The rear presentation is essentially the same as before with the spare wheel mounted on the side-hinged door. The characteristic vertical light clusters are on each roof pillar and there is now a more conspicuous reversing light set in the large bumper.
Inside, the cabin layout is also unchanged but the looks have been freshened up and in many areas that can’t be seen, there have been detail changes which improve quality and durability. A nice touch is the metal kickplates (with the Kembara name embossed on them) on the door sills… just like more expensive models!
One of the improvements mentioned is in the instrument panel which now has an electrical wire harness linkage rather than a mechanical cable drive. For the EX version, the tripmeter is a digital LCD type which displays either the tripmeter or odometer at the press of a button.
An unusual feature is the use of the Overdrive (OD) warning light, usually only to indicate that the OD is engaged or disengaged, to also double up as a warning light for automatic transmission problems. If there is a problem, the OD light will come on to warn the driver.
The 3-spoke steering wheel is new to the Kembara DVVT but owners of the current Kenari and Kelisa will also recognize it. By using a similar steering wheel, Perodua can cut costs a bit since the order to the supplier would be larger and so unit cost would come down.
But the money saved by this approach was probably not enough to cover the cost of putting in an airbag system so there isn’t one at this time. Presumably, Perodua has looked at other models in the 1.3-litre class and found that no one else is offering airbags at this time, so the feature need not be included.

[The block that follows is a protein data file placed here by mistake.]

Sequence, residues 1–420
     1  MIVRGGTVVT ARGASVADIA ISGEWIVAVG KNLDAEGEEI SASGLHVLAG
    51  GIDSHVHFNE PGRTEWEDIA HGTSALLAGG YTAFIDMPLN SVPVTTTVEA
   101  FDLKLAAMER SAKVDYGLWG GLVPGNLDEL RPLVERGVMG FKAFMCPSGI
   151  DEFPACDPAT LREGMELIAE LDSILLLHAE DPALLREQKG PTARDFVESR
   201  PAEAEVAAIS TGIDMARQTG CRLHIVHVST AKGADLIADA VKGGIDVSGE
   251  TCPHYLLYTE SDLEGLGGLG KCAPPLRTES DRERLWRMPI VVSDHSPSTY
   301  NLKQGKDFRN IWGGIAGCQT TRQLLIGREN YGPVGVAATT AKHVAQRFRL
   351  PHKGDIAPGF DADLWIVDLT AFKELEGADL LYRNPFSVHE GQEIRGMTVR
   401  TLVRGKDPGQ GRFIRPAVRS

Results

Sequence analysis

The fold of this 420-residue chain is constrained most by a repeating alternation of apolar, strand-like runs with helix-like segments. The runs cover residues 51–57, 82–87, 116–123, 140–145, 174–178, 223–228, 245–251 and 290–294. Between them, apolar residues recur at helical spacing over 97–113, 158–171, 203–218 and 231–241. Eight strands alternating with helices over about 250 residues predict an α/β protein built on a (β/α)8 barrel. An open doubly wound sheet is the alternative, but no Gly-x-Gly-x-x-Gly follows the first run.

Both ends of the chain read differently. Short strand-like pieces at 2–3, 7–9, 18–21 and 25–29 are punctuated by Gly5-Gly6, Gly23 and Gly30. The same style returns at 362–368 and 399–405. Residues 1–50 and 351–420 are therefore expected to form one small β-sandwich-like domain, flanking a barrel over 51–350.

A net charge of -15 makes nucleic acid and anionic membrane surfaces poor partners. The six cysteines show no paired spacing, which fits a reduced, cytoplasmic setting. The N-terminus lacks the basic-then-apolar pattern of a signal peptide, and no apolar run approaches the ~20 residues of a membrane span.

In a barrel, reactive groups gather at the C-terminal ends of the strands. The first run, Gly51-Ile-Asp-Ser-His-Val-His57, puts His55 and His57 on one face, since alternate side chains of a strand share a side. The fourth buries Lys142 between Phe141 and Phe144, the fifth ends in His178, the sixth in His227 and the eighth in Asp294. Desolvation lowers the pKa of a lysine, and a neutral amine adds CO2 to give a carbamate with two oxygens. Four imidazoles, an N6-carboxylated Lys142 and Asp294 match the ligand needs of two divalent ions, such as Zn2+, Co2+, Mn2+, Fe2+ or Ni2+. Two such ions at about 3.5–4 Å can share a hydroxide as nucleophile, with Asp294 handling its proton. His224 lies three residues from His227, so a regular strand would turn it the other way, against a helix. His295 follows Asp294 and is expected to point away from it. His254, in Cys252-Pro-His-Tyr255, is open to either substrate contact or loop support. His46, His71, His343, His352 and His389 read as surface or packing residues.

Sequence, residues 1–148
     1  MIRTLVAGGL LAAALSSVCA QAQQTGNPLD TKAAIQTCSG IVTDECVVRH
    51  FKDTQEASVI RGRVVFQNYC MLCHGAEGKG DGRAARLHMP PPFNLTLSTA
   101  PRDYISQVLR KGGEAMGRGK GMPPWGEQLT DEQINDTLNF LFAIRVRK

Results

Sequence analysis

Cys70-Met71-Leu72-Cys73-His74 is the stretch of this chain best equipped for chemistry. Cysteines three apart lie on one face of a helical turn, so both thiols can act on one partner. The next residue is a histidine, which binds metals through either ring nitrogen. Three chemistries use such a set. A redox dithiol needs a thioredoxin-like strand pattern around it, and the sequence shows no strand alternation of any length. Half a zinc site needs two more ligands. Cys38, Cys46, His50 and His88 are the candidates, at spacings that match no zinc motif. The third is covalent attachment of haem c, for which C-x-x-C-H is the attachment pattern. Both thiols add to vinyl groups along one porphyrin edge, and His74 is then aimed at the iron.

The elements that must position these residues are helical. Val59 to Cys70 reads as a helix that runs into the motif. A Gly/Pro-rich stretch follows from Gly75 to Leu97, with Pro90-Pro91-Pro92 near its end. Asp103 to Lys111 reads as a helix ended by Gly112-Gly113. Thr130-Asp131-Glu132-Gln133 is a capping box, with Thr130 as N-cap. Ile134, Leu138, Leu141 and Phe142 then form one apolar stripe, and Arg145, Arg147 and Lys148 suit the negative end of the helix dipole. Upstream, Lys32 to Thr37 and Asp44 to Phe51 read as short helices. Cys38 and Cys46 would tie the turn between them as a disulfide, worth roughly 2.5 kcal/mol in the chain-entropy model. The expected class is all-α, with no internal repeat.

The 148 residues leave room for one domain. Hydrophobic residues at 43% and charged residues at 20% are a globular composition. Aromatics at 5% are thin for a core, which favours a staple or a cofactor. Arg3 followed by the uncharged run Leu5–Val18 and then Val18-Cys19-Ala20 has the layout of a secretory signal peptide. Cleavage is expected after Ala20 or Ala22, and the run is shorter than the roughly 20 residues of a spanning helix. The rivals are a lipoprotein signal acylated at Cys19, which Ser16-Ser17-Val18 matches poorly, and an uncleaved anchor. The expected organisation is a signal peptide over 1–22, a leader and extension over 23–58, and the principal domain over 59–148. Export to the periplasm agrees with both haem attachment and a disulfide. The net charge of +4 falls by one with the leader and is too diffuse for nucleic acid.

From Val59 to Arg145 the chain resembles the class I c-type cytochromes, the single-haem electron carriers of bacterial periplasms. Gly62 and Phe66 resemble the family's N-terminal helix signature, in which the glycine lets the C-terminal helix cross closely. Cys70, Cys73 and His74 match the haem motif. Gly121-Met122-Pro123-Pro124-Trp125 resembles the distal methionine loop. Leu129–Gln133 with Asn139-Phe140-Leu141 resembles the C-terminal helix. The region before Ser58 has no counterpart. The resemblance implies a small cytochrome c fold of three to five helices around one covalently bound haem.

However, in terms of safety features, the Kembara DVVT is as good as others in its class with a sturdy bodyshell that has sufficient crumple zones and anti-intrusion bars in each door.
The powertrain is described in detail in a separate story (link below) so let’s move on to the chassis. Here, things are also the same although it is understood that the suspension (especially at the rear) has been retuned for comfort and better handling. As before, the front suspension uses MacPherson struts that act independently of each other, while the rear is a 5-link live axle. New 15-inch alloy wheels are at each corner and these are shod with 205/70R15 Sime Alpina tyres.
Stopping power comes from disc brakes at the front and drum brakes at the rear, the entire system hydraulically connected by a dual-line system as a precaution against one line leaking. In the event of a leak on one line, there is still at least 50% braking power available. The parking brake operates on the rear drum brakes.
The steering system is a rack and pinion type with power assistance to take the effort out of parking. The system is a conventional hydraulic pump type which is powered by the engine.